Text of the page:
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Editorial

Vikentios and Galatoulas Gave what They Could for the Community

The death of every Greek-American is an extremely unpleasant event for all of us. Those who ‘leave’ are sometimes known in our Community by their public involvement, by their contributions – with money or service – or through earning some distinction in the general public arena.

Very often we learn they have passed from this life only when their death is recorded by their relatives in the pages of The National Herald – where their names and memory remain forever.
Sometimes they affect the Community in positive ways, other times negatively – at least that is how they are perceived, rightly or wrongly.

In any case, at the end of the day their deaths are an issue that concerns us all. This is because we are all members of a large family. Of the Greek-American community.

In the last few days, two well-known Greek expatriates have passed away, after making abundant contributions to our Community. With their death, they leave a void.

The first to ‘leave’ was the former bishop of Apamea Vikentios, who together with the former Metropolitan of Tyana Paisios – they were known as the ‘Paisios/Vikentios duo’ – founded, out of nowhere, an ecclesiastical empire centered on the church of St. Irene Chrysovalantou in Astoria, which extended into Brooklyn, Long Island, and other cities in the United States.

They had strong personalities – Paisios/Vikentios – and were well-spoken. And due to the fact that they used the Greek language exclusively in their churches, at the height of their glory, they attracted thousands of expatriates.

Their course, however, was adventurous, to say the least. They scandalized a lot of people. Nevertheless, no one can deny that they left their mark on the Greek-American community, that they placed some bricks in the Community edifice.

Eventually, the ecclesiastical colossus they created was absorbed by the Ecumenical Patriarchate in April 1998. Later, they were defrocked, due to known facts – in the case of Vikentios, the charge was disobedience.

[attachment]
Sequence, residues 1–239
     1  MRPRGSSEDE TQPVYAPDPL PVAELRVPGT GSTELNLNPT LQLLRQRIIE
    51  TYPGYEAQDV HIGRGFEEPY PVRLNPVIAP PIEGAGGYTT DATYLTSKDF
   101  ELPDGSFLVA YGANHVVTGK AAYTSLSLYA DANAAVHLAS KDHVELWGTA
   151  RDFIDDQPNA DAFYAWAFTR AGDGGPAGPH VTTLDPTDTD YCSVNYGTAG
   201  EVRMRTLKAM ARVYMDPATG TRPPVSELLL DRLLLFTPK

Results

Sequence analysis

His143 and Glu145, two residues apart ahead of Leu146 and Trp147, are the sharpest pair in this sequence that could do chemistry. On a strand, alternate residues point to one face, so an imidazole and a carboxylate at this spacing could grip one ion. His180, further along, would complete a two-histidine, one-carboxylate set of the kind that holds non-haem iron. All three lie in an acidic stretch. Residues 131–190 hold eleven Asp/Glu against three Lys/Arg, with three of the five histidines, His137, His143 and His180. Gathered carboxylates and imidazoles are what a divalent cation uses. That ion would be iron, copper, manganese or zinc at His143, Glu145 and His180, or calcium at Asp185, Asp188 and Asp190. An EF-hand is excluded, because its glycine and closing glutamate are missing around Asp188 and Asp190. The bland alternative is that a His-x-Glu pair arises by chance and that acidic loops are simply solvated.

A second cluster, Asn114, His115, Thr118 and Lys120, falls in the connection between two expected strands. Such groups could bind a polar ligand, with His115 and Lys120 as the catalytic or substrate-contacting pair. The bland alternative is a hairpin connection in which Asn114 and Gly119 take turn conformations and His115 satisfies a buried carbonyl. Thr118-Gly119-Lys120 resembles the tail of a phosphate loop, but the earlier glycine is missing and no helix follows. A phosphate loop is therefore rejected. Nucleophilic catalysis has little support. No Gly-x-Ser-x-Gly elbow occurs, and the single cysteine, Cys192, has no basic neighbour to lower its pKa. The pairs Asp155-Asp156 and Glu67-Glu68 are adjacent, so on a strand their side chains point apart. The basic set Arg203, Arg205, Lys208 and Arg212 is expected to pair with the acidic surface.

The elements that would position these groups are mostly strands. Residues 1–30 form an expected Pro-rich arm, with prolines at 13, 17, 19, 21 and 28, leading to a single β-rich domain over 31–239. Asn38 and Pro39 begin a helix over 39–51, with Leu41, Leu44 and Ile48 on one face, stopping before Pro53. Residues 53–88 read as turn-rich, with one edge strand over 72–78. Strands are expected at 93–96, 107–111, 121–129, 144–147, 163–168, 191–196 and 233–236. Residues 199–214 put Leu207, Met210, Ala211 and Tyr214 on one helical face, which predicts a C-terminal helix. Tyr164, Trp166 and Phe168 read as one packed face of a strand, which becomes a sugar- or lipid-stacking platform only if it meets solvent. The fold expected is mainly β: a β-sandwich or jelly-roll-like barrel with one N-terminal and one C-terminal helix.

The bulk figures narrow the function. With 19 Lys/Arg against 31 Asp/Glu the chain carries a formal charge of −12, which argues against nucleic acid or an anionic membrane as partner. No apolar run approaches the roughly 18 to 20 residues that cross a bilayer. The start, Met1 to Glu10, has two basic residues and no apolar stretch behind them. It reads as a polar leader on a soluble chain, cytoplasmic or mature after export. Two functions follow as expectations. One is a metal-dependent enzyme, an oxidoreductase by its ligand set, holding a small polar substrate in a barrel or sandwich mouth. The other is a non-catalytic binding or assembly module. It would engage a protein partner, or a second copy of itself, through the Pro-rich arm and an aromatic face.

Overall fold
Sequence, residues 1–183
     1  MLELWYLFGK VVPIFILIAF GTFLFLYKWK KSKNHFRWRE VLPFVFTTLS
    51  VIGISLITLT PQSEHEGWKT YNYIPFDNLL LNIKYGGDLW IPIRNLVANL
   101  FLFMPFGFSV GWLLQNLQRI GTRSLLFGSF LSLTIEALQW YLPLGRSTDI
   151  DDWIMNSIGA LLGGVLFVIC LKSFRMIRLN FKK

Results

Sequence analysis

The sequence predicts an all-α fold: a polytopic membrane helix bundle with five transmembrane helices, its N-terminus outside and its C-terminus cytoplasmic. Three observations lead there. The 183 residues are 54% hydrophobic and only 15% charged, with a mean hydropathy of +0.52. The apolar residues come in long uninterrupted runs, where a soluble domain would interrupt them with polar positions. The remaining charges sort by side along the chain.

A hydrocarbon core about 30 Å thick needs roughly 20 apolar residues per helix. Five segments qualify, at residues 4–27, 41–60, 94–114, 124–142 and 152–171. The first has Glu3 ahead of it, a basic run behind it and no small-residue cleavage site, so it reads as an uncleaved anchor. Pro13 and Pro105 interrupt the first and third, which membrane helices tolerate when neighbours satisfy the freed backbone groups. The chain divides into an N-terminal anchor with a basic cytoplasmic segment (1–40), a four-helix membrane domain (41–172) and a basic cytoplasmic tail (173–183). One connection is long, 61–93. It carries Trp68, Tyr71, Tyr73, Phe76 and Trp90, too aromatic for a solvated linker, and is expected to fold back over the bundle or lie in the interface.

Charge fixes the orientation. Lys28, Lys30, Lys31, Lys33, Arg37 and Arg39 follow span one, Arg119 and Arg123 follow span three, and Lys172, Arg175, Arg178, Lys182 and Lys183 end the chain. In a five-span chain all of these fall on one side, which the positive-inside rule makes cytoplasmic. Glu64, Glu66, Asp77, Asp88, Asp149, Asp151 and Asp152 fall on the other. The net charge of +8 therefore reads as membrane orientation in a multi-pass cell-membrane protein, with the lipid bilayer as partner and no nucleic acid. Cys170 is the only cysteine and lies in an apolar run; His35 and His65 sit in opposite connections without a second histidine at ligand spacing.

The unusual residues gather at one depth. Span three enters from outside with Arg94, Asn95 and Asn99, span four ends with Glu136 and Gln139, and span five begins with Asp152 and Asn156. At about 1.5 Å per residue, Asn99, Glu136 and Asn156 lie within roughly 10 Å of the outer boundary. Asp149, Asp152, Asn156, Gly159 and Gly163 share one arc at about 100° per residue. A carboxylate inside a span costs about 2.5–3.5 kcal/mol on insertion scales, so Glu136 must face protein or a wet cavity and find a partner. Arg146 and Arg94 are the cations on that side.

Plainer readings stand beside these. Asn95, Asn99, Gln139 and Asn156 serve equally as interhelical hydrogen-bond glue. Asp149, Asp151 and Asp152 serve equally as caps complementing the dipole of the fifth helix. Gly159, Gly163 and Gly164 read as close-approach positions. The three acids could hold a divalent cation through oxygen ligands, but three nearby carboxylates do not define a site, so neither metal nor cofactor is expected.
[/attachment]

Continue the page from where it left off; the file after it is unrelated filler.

Vikentios died poor. He did not even leave money for his funeral.

This is something that rarely, if ever, happens to senior clergy.

So while Vikentios may have made mistakes, greed was not the issue. Quite the contrary.

God forgive him.

The second well-known expatriate who ‘left’ us this week was Petros Galatoulas. A dynamic energetic personality, who contributed much out of a strong sense of duty to our Community and to Greece.

Petros devoted almost 30 years of his life to the cause of the Federation of Greek Societies of Greater New York, which he served zealously. This was demonstrated by his hard work related to the organization of many Greek parades on Fifth Avenue.

In recent years the rivalries that developed in the Federation led to its becoming eventually discredited. They took the form of a personal vendetta and reached unacceptable levels.

Serious accusations were made, without the presence of substantial evidence to back them up, as there should have been, resulting in an atmosphere of uncertainty and suspicion. The ultimate goal of the attacks was sheer character assassination.

In the end, as expected, no one comes out of this story unscathed.

And that is a tragedy because it did not have to be this way. We hope that a soul searching from all sides will help to avoid similar situations in the future.
Petros’ absence from the Federation, at least in the short term, will be felt.

And while none of us are irreplaceable, some dedicated people to a cause, like Petros Galatoulas, are not easy to replace.

My warmest condolences to his family.

Rest in peace!

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